RSA states that It Is Time To Talk This May Public Holiday Weekend


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The Road Safety Authority (RSA) is appealing to road users to consider the devastating consequences of dangerous driving habits in its new campaign “Time to Talk”.

The hard-hitting campaign calls on friends and family members to “Chat to your loved ones about their driving today. So you don’t lose them tomorrow.” It will be live on radio, social channels and out of home from Bank Holiday Monday.

The campaign features stark funereal imagery, including a hearse and funeral notice, and aims to make people imagine what it would be like to lose a loved one in a road crash.

The campaign was created following the allocation by the Government last month of a further €3 million of funding to tackle the increasing numbers of fatalities on Irish roads.

Provisional analysis from the RSA shows that 69 lives have been lost on Irish roads this year, 16 more than the equivalent period last year.

The new campaign coincides with a call from the RSA and An Garda Síochána for drivers to slow down this bank holiday weekend.

The call comes as a self-report survey commissioned by the RSA in 2023 found that one in four drivers think speeding more than 10km/h over the speed limit is acceptable. The survey also found that 25% of drivers regularly exceed 100km/h limits by more than 10km, and 31% regularly exceed 50km/h limits by more than 10km.

A separate observational study last year found that 58% of motorists were driving over the speed limit on 30km/h roads.

According to the findings of the 2023 self-report survey, the social acceptability of drink-driving has increased since 2019 with a quarter of motorists agreeing that “driving short distances after having a drink is acceptable” and acknowledging that “they may have been over the limit when driving the morning after night out”.

Minister of State at the Department of Transport and at the Department of Environment, Climate and Communications, Jack Chambers said: “Four of the main causes of road fatalities are speeding, intoxicated driving, distracted driving and non-wearing of seat belts.  The Road Traffic Act, recently signed into law, targets these killer behaviours and is a strong legislative response to the really worrying trends we have seen in recent times. In addition, awareness and communications are also essential road safety interventions. Today we are using the May Bank Holiday appeal to launch this new hard-hitting and incredibly stark campaign which forces road users to consider the real-world consequences and impacts of dangerous driving. It also encourages families and friends to discuss road safety and the measures that individuals can take to make our roads safer for all.”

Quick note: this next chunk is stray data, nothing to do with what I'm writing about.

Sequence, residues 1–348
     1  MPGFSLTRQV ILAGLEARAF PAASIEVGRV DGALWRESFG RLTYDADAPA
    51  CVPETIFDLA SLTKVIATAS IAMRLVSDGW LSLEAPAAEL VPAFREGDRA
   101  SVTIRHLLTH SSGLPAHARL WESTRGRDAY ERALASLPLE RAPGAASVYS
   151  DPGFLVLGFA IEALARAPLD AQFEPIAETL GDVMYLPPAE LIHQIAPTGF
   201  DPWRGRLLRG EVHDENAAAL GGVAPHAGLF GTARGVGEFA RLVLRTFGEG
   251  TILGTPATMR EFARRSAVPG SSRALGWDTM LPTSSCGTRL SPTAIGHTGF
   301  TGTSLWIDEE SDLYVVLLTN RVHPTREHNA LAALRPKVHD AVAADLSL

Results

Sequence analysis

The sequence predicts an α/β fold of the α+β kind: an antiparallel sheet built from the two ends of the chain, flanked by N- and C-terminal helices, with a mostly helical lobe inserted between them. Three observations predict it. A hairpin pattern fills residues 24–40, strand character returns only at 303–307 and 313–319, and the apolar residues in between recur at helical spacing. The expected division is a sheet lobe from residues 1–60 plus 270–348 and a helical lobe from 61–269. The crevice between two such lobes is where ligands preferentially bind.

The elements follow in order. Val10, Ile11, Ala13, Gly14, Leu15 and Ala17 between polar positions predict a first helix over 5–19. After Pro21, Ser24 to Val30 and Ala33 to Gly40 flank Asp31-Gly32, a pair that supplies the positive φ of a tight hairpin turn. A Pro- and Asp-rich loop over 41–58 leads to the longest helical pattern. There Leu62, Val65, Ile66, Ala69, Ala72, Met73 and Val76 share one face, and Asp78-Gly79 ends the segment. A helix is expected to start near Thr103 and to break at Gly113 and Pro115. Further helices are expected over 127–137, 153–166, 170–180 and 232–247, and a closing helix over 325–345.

Ahead of the bank holiday, drivers and all other road users are being reminded to plan ahead and organise a safe way home if out socialising over the coming days. This means arranging a lift, leaving the car and the keys at home, agreeing a designated driver, booking a taxi, or taking public transport. Walking home under the influence of alcohol or drugs can also put you and other road users at risk.

Two people every hour were stopped by An Garda Siochana for either drink or drug driving over the Easter Bank Holiday weekend last month.

Sam Waide, CEO, Road Safety Authority, said: “All road users have a duty of care to share the road in a safe and socially responsible way. Anyone who drives under the influence of alcohol or drugs is a danger to themselves and others. Please plan safe travel to enjoy your festivities but also plan for the following day if you’ve had a big night and are on the move the morning after. Driving under the influence of drugs can seriously affect a driver’s motor skills, and ability to control a motor vehicle on the road. If you are detected drug driving you will face a court appearance and if found guilty, a minimum driving disqualification of one year. Ask yourself is it worth the risk? Losing your licence and possibly your job.”

Assistant Commissioner Paula Hilman, Roads Policing and Community Engagement, An Garda Síochána said: “Gardaí across the country will be monitoring our roads this May Bank Holiday Weekend to implement a comprehensive Roads Policing operation. We work all year round to enforce the road traffic laws and detect traffic offences which we know increase the risk of death or serious injury on our roads. This risk is unfortunately elevated during bank holiday weekends when more people will be out and about.

“We are urging people to never, ever get behind the wheel of a car while under the influence of drink or drugs. Please slow down and drive at an appropriate speed, always wear your seatbelt and do not be distracted by a phone while driving.

“Anyone who does not comply with road traffic laws run the risk not only of financial penalty or losing their licence, but far worse is the potential of causing serious and/or fatal injuries to others.

“We are asking everyone using our roads this long weekend to take extra caution and look out for each other to ensure a safe and enjoyable May Bank Holiday.”

This May Bank Holiday Weekend, drivers are also being reminded that the RSA and participating Applegreen service stations are providing free cups of coffee to motorists to combat driver fatigue. The offer is available from 2-8pm on Friday 03 May and 2-8pm on Monday 06 May – just mention RSA at the Applegreen till when you’re getting your coffee.